Diodorus Siculus, Library, Book XI, Chapter 84 (search)
456 B.C.While Callias was archon in athens, in Elis the Eighty-first Olympiad was celebrated, that in which Polymnastus of Cyrene won the "stadion," and in Rome the consuls were Servius Sulpicius and Publius Volumnius Amentinus. During this year Tolmides, who was commander of the naval forces and vied with both the valour and fame of Myronides, was eager to accomplish a memorable deed. Consequently, since in those times no one had very yet laid waste Laconia, he urged the Athenian people to ravage the territory of the Spartans, and he promised that by taking one thousand hoplites aboard the triremes he would with them lay waste Laconia and dim the fame of the Spartans. When the Athenians acceded to his request, he then, wishing to take with him secretly a larger number of hoplites, had recourse to the following cunning subterfuge. The citizens thought that he would enrol for the force the young men in the prime of youth and most
Diodorus Siculus, Library, Book XIII, Chapter 48 (search)
s. Accordingly the Corcyraeans, seeing that their most influential citizens were planning to hand the city over to the Lacedaemonians, sent to the Athenians for an army to protect their city. And Conon, the general of the Athenians, sailed to Corcyra and left in the city six hundred men from the Messenians in Naupactus,These Messenians had been allowed by the Spartans to leave their country and had been settled in Naupactus by the Athenian general Tolmides in 456 B.C. (cp. Book 11.84). while he himself sailed on with his ships and cast anchor off the sacred precinct of Hera. And the six hundred, setting out unexpectedly with the partisans of the people's party at the time of full marketIn the middle of the morning. against the supporters of the Lacedaemonians, arrested some of them, slew others, and drove more than a thousand from the state; they also set the slaves free and gave citizenship to the foreigners living among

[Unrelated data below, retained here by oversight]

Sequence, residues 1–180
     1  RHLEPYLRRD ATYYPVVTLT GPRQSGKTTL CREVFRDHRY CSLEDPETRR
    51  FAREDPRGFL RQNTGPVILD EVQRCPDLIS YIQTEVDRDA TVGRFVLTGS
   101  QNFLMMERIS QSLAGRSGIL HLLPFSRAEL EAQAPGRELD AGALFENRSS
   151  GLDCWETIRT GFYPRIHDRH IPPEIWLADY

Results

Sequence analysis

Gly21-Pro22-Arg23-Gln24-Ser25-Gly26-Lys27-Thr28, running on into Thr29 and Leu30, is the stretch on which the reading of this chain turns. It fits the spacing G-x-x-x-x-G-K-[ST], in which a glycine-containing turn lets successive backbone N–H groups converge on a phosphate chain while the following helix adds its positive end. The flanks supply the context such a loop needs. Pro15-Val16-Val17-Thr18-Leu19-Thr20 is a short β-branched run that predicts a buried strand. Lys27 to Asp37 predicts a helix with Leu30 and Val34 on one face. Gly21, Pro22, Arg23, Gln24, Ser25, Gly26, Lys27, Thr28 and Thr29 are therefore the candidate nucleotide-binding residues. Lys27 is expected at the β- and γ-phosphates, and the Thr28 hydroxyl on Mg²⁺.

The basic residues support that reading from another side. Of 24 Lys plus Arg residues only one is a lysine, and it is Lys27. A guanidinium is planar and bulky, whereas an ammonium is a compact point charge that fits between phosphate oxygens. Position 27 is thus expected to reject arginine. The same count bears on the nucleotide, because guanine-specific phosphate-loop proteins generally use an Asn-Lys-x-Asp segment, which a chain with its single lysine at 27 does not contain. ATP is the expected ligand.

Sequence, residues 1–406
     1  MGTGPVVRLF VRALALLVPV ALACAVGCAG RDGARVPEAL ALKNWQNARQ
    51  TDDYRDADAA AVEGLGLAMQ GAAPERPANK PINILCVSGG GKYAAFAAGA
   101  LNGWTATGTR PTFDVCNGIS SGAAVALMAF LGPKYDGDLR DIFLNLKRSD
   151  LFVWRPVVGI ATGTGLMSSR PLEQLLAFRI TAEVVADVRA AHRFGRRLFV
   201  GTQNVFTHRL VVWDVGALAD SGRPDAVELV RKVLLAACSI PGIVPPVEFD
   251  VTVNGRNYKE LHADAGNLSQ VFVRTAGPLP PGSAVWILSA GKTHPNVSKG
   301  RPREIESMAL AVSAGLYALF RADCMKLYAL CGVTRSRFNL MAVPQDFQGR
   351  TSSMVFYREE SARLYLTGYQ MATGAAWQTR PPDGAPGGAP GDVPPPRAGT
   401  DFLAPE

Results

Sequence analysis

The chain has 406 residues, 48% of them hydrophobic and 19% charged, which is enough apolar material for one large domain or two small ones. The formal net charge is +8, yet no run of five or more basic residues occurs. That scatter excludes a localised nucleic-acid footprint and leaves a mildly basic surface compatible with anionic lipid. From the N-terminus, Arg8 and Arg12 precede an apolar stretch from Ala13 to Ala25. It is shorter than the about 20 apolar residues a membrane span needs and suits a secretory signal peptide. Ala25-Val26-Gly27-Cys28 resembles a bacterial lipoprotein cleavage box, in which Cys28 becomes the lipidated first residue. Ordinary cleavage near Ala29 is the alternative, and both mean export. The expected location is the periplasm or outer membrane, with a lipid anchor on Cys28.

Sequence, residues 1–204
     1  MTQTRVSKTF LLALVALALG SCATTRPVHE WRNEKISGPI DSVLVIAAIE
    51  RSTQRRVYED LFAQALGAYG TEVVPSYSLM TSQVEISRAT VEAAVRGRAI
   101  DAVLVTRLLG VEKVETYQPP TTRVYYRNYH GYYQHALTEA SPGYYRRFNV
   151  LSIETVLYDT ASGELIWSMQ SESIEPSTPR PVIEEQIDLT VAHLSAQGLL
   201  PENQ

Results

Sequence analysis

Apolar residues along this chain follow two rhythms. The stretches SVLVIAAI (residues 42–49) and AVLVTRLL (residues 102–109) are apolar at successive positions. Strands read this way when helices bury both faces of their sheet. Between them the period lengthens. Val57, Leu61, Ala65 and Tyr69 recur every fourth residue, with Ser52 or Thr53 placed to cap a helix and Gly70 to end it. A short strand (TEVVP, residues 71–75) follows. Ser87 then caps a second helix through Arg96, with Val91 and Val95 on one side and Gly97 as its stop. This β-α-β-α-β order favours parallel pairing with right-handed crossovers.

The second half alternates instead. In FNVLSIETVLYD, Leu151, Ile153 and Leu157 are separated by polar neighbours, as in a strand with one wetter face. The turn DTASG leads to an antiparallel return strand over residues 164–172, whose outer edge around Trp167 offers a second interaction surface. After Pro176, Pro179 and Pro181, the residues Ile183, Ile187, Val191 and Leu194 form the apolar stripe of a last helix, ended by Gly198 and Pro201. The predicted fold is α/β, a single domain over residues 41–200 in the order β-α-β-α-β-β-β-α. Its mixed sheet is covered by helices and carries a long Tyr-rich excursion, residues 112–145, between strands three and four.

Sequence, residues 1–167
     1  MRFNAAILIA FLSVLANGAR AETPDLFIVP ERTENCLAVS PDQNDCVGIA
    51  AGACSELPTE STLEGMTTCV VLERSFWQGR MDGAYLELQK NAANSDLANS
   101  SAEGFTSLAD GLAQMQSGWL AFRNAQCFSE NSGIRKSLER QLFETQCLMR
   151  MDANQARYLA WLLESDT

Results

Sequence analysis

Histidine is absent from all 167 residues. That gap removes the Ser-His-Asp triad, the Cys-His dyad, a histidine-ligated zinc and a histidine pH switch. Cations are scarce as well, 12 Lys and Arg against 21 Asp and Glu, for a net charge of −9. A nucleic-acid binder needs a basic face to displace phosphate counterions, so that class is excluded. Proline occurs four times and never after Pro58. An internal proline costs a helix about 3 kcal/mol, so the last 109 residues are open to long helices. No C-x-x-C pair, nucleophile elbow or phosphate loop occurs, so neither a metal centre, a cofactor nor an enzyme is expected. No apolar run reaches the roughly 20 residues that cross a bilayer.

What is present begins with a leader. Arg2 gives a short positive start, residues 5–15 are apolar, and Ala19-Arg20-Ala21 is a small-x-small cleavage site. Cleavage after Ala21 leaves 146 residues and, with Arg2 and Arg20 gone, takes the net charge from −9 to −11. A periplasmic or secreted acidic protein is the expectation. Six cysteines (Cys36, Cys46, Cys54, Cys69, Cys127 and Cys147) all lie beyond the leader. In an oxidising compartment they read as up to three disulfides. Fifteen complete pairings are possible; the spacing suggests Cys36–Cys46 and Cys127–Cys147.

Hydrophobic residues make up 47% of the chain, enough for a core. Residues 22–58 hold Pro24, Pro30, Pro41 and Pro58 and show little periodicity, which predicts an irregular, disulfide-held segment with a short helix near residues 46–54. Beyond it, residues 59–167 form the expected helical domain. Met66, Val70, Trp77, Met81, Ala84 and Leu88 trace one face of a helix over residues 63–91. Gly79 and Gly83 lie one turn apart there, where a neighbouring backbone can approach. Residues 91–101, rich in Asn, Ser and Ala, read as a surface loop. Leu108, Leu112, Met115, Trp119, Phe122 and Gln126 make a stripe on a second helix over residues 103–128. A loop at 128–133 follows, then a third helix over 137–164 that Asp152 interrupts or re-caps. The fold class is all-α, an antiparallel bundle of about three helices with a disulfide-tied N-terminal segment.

Pindar, Olympian (ed. Diane Arnson Svarlien), Olympian 5 For Psaumis of Camarina Mule Car Race ?460 or 456 B. C. (search)